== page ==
Chelone (Turtlehead) attracts bees, butterflies, and hummingbirds; tall spires of pink flowers fill out the back of the perennial border.

Echinacea (Coneflower) many new colors and bloom shapes; look for reds/white/purple; finches love the seed.

Eupatorium maculatum (Joe Pye Weed) likes a wet spot; butterfly magnet.

Eupatorium rugosum ‘Chocolate’ (White Snakeroot) has purplish brown foliage; fluffy white blooms September thru October.

Euphorbia ‘Ascot Rainbow’ (Spurges) has multi-color foliage; bonus exotic early summer bloom; texture.

Helenium has daisy-like blooms; drought tolerant.

Heuchera/Heucherella is mainly grown for colored foliage; holds color through the fall; great in containers.

Lirope muscari (Lilly Turf) makes great grass-like ground cover; spires of blue blooms in late summer into the fall.

Nipponanthemum nipponicum (Nippon or Montauk Daisy) late blooms; prune for compact plant.

Perovskia atriplicifolia (Russian Sage) has light blue blooms summer into fall; re-blooms best with pruning; drought tolerant.

Fall Interest Perennial Chelone


Ceratostigma plumbaginoides (Plumbago) is great groundcover; rich blue blooms well into fall; foliage turns bronze at summer’s end.

Sedum ‘Angelina’ has great texture; foliage bronzes after frost; plant it and forget it (almost).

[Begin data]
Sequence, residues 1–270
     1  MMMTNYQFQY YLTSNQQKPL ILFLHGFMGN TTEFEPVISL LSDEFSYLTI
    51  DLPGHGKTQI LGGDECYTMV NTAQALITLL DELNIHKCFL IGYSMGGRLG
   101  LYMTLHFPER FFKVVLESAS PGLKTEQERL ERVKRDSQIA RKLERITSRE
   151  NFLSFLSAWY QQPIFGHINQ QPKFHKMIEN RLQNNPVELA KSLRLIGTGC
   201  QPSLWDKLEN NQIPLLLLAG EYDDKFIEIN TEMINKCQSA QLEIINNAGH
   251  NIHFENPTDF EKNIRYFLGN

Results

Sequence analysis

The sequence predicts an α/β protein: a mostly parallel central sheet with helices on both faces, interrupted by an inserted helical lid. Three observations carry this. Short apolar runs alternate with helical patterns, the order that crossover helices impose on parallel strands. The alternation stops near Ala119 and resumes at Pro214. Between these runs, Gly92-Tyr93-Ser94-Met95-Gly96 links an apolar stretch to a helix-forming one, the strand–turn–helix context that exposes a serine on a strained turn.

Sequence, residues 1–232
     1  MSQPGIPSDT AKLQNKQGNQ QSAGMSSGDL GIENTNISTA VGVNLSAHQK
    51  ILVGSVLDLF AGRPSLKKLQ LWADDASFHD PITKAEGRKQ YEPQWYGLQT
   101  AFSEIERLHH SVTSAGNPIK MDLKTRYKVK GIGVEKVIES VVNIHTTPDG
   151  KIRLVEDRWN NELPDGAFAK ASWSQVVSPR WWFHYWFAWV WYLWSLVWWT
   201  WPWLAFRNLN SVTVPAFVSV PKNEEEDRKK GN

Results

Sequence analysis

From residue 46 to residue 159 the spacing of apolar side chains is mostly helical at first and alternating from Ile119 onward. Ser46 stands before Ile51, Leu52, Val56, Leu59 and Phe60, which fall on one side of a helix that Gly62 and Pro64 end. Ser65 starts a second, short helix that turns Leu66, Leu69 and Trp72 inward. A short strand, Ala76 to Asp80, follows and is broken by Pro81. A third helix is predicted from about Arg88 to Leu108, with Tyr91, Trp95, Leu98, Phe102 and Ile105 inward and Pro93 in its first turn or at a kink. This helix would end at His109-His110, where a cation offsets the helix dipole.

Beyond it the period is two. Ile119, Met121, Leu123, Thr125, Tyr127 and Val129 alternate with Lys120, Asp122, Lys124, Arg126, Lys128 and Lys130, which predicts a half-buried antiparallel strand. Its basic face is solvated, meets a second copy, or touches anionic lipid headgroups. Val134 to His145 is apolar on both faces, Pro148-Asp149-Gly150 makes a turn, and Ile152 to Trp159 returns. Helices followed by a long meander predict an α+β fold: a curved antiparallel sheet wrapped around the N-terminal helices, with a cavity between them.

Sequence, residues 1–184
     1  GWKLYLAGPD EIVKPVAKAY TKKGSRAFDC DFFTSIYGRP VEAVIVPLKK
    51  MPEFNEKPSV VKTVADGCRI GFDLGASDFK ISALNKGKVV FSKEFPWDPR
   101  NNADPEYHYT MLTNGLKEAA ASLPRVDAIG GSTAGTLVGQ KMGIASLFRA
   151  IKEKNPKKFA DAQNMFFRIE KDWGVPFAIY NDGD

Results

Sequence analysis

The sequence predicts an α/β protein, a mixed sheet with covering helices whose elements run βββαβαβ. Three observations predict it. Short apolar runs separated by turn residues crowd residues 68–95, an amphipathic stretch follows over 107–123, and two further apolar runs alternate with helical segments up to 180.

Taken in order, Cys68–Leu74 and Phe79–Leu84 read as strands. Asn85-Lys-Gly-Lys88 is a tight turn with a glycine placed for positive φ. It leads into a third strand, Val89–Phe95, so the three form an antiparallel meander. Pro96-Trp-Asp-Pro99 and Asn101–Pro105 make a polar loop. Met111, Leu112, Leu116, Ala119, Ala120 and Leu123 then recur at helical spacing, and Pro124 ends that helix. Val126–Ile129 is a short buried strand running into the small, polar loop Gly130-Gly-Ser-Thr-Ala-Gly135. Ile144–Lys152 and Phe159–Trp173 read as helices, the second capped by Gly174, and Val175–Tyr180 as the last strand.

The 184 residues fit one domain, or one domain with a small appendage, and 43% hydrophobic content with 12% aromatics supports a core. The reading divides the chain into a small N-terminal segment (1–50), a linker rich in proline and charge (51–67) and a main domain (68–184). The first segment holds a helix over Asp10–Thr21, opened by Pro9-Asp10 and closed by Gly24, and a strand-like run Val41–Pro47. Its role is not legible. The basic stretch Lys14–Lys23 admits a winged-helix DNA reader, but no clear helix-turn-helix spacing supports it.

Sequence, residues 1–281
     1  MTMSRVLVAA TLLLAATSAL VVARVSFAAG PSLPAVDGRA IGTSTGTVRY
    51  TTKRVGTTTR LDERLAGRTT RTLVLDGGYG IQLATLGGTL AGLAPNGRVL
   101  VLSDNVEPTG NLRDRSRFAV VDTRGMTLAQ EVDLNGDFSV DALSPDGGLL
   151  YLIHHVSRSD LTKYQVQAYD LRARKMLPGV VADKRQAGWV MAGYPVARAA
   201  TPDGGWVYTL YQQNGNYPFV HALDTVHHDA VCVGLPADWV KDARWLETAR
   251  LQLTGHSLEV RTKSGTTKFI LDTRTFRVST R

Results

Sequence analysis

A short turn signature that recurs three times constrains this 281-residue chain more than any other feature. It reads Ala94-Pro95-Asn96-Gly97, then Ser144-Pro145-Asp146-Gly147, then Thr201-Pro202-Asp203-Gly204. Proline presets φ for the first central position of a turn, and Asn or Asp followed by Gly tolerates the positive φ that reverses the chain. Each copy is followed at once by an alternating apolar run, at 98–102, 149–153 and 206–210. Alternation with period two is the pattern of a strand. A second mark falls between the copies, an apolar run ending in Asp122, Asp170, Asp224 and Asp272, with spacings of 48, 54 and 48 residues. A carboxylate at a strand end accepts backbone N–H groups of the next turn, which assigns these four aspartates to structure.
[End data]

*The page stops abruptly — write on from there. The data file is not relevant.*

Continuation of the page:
Sedum ‘Autumn Joy’ flowers are loved by butterflies; maintains its structure into the winter garden.

Stachys (Lamb’s Ears) maintains beautiful silver color and soft texture.

Woods Aster fall blooms in purple, blue and pink; prune in summer for compact plant (let it grow from July 4 on into fall).

Rudbeckia (Black Eyed Susan) is loved by butterflies and gold finches (for the seeds); partner these yellow flowers with Echinacea.

Clematis paniculata (Fall Clematis) is an excellent option for a vine with fall color; profuse bloomer; white flowers.

Fall Interest Perennial Black Eyed Susan

Black-Eyed Susan


Hackonechloa macra ‘Aureola’ (Japanese Forest Grass) maintains yellow leaves into late fall.

Miscanthus sinensis (Maidenhair grass) has light airy plumes that turn tan by late fall and persist through the winter.

Panicum ‘Shanendoa’ (Switch Grass) is a perennial grass with red foliage throughout; airy blooms.

Pennisetum alopecuroides (Hamlen) is a perennial grass with arching blooms that look like little foxtails; red variety popular in fall containers is not hardy in this area.


Dryopteris erythrosora (Autumn Fern) has dark green leaves with bronze and orange coloring; semi-evergreen.

Fall Interest Perennial Fern

Autumn Fern

Polystichum acrostichoides (Christmas Fern) has dark green fronds one to two feet high and wide; evergreen leaves are great winter interest.

Happy Planting!


I can’t resist… here are a few shrubs that are worthy of your attention this fall:

Abelia is a bloomer and looks better once the temperatures come down a bit.

Dwarf Fothergilla has spring blooms that serve pollinators; stellar fall foliage.

Witchhazel has an Interesting small bloom in the very early spring; fall foliage rivals any maple tree.


Written by:

Ann Buckwalter | Greenhouse Assistant